The city and much of eastern Congo has been a center of social and political upheaval since the first of two civil wars broke out in 1996. The area is rich in mineral resources such as coltan, an important component of many electronics, and industrial exploitation of the land by other countries such as the United States have fueled and funded the conflict.
Although the second war officially ended in 2003, cycles of violence and power struggles have kept the central African nation in a state of blistering unrest. While estimates vary greatly, Ndaliko said that roughly 8 million people have died as a result of the fighting. Millions more have been displaced and impoverished.
“It is the deadliest humanitarian conflict since the Second World War,” Ndaliko said.
The instability that comes from decades of strife has made an indelible mark on the country’s political and social climate. Many young people, for example, lack stable access to education, which limits their opportunities.
Out of this need came Yole!Africa, a Goma-based organization focused on promoting the arts in Congo. Founded in 2000 by acclaimed filmmaker Petna Ndaliko Katondolo, Yole!Africa was a major motivator for why Ndaliko decided to stay in Goma. She eventually married Ndaliko Katondolo.
“I was driven by a deep desire to learn to understand what is going on,” Ndaliko said. “And the more I learned about the unique history on Congo, the more committed I was to partnering with the people who were already doing such an extraordinary thing.”
In many East African languages, the word yolé means “come together.” It is used by cattle drivers, goat herders and shepherds to call flocks together when danger is afoot. Like those shepherds, Yole!Africa provides a place for Congolese youth to come together away from violence.
Yole!Africa encourages people to tell their stories in their own ways. The processes and skills that come from studying film, music, literature and other art forms help young Congolese adults find a voice to tell stories about their country in ways that reflect their experiences. The center works to provide them space, skills and education that may help them thrive in the war-torn region.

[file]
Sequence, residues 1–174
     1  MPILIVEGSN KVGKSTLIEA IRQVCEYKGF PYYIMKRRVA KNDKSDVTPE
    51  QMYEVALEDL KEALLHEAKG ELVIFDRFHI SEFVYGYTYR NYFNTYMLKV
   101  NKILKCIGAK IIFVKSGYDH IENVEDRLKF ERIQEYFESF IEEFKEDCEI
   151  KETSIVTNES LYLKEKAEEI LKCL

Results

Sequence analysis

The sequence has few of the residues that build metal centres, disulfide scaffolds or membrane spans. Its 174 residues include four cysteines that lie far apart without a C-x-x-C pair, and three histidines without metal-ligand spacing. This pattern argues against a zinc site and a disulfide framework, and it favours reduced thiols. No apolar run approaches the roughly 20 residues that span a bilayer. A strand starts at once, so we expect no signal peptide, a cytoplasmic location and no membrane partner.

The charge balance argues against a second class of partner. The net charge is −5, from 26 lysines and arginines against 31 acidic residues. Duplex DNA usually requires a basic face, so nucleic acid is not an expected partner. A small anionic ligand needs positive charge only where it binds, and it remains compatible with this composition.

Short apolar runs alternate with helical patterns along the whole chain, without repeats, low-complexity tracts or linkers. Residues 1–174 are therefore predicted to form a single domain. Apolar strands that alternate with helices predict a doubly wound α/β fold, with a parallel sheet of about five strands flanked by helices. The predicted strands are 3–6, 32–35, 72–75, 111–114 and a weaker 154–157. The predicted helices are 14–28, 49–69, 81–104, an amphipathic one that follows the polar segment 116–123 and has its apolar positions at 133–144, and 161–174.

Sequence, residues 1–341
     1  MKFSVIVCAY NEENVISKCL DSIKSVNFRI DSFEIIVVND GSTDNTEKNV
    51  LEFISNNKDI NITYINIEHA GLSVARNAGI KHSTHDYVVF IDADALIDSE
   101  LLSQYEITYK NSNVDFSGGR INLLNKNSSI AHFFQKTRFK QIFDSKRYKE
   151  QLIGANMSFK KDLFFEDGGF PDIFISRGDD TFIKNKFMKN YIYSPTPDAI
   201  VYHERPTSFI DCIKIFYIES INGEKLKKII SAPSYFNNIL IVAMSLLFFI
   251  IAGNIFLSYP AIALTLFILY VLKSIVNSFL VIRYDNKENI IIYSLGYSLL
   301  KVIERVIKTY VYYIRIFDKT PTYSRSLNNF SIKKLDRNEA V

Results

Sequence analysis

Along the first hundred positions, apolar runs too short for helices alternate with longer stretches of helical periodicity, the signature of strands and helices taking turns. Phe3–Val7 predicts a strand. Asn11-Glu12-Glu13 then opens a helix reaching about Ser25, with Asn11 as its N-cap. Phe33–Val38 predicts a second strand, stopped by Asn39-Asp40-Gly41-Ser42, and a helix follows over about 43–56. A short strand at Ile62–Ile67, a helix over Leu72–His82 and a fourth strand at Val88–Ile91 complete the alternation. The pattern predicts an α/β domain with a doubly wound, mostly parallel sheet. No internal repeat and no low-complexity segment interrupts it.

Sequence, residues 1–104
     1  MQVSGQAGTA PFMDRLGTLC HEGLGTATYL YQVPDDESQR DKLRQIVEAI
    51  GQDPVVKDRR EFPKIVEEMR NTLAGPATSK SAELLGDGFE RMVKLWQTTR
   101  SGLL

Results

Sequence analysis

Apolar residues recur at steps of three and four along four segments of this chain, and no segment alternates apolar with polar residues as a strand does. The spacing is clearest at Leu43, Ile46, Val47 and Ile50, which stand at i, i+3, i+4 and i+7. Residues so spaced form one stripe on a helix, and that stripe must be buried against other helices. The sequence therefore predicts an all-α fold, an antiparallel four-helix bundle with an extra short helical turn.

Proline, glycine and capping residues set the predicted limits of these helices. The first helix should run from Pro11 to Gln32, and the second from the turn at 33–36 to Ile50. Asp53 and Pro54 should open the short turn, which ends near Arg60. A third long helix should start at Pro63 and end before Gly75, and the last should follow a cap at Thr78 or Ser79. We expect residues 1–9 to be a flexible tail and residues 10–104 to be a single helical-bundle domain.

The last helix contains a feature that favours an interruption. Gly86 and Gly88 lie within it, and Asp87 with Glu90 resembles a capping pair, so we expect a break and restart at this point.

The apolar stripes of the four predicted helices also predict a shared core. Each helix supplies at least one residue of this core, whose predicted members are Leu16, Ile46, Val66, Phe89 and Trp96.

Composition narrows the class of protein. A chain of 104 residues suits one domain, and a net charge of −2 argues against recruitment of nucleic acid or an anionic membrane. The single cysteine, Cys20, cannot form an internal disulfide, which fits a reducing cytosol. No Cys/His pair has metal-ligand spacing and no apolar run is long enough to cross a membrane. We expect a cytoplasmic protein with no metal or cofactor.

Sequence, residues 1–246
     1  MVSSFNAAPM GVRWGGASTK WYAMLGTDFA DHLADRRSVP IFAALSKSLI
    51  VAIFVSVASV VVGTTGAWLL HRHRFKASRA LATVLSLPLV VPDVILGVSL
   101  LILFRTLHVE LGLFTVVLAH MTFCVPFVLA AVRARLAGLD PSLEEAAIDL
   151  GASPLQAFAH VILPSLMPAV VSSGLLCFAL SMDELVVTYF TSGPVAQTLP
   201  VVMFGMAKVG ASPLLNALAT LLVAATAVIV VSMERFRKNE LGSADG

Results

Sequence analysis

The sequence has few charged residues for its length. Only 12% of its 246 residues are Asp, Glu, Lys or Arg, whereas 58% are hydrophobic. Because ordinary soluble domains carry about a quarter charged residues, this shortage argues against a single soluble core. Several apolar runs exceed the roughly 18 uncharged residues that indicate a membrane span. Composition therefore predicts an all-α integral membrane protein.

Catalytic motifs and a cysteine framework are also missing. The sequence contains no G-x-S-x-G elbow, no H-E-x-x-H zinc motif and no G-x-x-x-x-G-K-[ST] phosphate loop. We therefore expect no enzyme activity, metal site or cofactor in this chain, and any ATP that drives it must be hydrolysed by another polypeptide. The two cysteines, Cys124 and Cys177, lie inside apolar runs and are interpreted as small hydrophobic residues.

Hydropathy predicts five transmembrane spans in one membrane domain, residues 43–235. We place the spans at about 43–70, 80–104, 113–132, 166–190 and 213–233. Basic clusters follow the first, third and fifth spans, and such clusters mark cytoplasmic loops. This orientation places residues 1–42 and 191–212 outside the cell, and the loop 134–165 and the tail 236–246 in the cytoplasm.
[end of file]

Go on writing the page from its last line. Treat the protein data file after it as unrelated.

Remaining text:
Ndaliko is the director of research and education at Yole!Africa for now — the organization is working to move away from hierarchical labels — and helps provide artistic classes, workshops and public events to 17,000 people of eastern Congo each year.
Through the nonprofit, Ndaliko advocates for a shift in the way the world handles humanitarian and charitable aid in Africa. The organization has struggled to find funding that doesn’t focus on the trauma that people have potentially endured, but rather on their successes.
“We have fought — and continue to fight — against reducing people to experiences of victimhood,” she said. “We don’t ask students to identify in those terms, as rape victims or child soldiers. If they identify as filmmakers, because that’s what they see themselves as, then we want to engage them as filmmakers, not victims.”
People who have completed courses at Yole!Africa have gone on to become politicians, human rights attorneys and journalists with media companies like BBC and Al Jazeera.
“I’m really proud of what we’ve done and what the students produce there,” Ndaliko said.